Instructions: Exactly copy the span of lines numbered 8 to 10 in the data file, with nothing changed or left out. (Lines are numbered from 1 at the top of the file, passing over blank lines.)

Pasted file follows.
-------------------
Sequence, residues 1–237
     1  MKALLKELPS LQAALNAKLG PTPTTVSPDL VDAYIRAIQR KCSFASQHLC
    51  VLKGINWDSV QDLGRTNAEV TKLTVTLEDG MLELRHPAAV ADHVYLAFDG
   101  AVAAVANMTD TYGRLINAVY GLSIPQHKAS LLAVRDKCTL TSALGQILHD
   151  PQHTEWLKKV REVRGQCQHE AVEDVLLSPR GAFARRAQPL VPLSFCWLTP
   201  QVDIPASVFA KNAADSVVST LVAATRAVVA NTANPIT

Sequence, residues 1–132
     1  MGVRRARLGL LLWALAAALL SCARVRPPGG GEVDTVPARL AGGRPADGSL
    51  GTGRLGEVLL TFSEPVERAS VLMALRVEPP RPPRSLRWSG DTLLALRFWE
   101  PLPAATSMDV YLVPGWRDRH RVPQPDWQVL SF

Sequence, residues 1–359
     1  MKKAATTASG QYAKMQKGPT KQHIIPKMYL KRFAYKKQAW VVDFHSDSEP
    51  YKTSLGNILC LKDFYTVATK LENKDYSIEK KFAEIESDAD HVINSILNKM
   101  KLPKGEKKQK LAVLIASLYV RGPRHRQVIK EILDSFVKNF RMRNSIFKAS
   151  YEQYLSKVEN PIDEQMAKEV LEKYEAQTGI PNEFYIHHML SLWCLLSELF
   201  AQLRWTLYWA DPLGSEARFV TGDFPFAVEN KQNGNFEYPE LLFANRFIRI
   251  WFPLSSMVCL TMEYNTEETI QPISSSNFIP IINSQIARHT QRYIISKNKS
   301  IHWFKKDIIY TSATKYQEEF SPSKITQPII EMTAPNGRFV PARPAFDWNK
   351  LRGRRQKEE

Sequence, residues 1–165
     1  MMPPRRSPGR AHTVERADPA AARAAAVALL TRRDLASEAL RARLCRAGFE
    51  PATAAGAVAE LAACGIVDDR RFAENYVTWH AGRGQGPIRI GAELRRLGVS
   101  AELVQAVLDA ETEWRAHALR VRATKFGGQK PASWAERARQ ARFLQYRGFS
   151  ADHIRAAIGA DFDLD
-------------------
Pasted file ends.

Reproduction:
     1  MGVRRARLGL LLWALAAALL SCARVRPPGG GEVDTVPARL AGGRPADGSL
    51  GTGRLGEVLL TFSEPVERAS VLMALRVEPP RPPRSLRWSG DTLLALRFWE
   101  PLPAATSMDV YLVPGWRDRH RVPQPDWQVL SF